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Church History

I.  Introduction:

 I remember being in a history class during my first year of college and hearing the professor make a passing reference to the Reformation in a manner that assumed we all knew what he was talking about.  Yet, I had no idea.  I knew the Church had a history.  In my other history classes leading up to that point we had bumped up against this history, but only marginally.  Add to that my lack of interest in the subject of history in general and you have an 18 year old Christian Studies major who knows very little about Church History.  In fact, it was not until seminary that I had my first class on Church History.  At that point, however, my perspective had changed.  I was very excited, although still not very knowledgeable, about the History of the Church.  Needless to say, the class gripped me and encouraged me and convicted me.  As I said last week, I left the class determined to know more and determined to share what little I knew with others to encourage them in knowing the history of Christianity.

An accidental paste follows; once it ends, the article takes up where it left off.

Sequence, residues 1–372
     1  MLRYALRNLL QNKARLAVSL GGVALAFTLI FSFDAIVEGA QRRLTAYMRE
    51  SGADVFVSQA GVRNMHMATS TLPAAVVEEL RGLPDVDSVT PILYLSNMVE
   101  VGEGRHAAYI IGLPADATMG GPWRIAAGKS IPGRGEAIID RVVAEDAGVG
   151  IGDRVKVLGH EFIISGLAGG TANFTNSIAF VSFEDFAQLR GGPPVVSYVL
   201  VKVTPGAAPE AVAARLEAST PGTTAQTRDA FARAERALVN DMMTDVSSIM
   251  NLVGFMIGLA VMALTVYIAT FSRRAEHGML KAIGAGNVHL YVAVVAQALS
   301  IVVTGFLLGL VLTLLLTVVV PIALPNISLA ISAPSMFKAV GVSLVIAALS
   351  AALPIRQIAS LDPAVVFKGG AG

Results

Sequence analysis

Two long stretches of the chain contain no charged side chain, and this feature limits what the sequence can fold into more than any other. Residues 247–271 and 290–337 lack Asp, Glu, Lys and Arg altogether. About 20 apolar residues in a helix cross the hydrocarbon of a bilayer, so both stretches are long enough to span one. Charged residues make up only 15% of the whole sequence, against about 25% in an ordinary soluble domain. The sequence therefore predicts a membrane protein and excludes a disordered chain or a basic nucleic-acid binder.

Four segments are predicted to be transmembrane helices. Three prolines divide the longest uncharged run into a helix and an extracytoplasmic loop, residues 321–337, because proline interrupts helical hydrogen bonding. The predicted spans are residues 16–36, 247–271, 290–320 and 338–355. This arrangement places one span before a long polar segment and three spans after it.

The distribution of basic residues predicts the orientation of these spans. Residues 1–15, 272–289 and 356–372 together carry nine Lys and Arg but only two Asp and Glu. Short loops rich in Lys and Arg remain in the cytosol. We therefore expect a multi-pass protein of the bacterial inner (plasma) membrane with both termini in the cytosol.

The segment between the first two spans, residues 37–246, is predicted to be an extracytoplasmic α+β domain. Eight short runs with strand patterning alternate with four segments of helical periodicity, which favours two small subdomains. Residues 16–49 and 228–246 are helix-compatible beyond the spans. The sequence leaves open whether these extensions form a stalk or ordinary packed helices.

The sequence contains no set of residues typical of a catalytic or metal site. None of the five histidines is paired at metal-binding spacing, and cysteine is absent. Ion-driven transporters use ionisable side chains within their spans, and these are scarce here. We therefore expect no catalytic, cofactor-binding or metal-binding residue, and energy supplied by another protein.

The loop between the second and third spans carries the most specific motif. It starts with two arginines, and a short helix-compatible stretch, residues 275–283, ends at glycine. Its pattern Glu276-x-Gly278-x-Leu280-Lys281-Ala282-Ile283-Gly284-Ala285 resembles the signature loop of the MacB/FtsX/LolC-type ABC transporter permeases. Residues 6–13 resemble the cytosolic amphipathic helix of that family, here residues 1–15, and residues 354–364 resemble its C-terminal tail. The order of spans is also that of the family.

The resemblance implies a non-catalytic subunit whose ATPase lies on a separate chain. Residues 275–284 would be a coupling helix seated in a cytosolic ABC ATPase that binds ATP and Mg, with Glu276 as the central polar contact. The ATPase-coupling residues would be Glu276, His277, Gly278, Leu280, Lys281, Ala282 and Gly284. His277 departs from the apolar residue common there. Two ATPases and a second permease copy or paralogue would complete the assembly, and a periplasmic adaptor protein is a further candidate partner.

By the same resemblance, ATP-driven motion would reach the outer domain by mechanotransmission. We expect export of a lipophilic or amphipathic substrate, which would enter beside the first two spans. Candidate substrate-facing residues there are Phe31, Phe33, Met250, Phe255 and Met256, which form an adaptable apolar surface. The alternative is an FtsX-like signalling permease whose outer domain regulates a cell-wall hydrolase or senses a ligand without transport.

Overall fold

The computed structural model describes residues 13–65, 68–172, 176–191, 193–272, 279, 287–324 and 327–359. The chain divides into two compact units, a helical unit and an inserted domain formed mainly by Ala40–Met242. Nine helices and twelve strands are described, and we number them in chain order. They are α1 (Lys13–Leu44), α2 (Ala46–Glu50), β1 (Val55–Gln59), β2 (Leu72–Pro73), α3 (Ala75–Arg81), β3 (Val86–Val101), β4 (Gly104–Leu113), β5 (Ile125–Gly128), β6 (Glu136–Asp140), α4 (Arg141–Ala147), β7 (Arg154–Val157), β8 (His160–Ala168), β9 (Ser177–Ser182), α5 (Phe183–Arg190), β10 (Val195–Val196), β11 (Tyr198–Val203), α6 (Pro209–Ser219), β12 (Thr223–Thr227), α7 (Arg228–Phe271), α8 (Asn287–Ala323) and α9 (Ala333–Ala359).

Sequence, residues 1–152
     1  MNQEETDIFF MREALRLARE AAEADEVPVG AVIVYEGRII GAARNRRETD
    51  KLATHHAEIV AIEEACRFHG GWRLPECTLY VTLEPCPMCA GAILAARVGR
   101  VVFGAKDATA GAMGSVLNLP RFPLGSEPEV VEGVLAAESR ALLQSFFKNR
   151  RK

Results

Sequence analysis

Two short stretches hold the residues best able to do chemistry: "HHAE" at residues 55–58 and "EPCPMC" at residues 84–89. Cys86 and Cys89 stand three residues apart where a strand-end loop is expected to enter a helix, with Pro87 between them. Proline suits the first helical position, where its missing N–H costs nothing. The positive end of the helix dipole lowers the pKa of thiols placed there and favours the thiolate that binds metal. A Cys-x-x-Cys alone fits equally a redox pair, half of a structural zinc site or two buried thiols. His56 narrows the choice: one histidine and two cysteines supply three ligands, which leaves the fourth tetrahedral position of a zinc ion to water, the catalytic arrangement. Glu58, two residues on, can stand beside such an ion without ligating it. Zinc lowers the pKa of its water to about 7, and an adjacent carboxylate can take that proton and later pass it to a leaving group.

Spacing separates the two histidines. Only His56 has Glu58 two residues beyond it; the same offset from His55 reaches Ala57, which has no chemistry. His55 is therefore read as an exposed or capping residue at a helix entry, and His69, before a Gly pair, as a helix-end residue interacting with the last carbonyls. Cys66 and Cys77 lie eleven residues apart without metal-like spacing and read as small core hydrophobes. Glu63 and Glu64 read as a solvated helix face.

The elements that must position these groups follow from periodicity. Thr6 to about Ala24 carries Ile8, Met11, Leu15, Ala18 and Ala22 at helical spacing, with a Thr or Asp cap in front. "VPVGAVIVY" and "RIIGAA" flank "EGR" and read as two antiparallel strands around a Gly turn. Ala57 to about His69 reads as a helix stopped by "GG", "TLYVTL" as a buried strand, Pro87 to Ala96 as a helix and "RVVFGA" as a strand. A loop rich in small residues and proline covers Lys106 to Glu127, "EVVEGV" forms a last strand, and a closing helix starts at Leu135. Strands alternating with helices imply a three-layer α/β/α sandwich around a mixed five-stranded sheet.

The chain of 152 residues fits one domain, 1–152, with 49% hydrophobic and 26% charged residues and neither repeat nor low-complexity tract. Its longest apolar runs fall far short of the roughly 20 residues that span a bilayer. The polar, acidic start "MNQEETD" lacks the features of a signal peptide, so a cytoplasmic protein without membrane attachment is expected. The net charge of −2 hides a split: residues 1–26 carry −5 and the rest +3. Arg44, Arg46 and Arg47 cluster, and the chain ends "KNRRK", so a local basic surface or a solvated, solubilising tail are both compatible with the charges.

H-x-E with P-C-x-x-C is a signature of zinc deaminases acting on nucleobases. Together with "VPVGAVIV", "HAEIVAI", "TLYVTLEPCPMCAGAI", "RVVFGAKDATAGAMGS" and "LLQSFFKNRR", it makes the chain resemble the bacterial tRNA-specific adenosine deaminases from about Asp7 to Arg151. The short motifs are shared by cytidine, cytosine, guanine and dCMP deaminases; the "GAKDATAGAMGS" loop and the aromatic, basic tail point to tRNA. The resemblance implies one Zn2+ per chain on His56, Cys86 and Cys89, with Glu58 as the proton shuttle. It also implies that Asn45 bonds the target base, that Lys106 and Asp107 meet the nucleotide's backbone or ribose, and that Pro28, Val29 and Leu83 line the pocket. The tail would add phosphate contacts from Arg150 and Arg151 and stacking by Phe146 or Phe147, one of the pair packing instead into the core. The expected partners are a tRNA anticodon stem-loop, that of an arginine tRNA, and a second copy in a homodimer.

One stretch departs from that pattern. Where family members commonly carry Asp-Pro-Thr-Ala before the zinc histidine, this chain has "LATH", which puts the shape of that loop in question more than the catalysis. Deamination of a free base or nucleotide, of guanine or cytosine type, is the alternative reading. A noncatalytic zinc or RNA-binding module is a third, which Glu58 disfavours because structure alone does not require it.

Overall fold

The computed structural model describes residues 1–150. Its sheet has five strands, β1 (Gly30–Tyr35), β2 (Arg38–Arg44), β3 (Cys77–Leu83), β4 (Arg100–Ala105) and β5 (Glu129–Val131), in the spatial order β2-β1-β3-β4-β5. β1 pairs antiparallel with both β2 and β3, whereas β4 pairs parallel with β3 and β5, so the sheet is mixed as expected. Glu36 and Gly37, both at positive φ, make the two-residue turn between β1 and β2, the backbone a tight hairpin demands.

It is this determination that has led us here.  Let me say again, my knowledge of the subject is far from great, but hopefully it can whet your appetite to know more.  We will be covering rather large sections each week and will therefore miss many details.  Yet, the goal is to hit the major actors and their major actions as we survey the 2000 years of Church History.  

 Let me say a word about our format.  I taught a couple of courses on Church History at Cornerstone and I will be following what I did there for the most part.  I will generally be following a book by James P. Eckman entitled Exploring Church History.  Although we will vary from the book at times, we will use the book to serve as our general outline (see handout) for the series.  With that said, let us now answer the question of why study Church history?

II.  Why study Church history?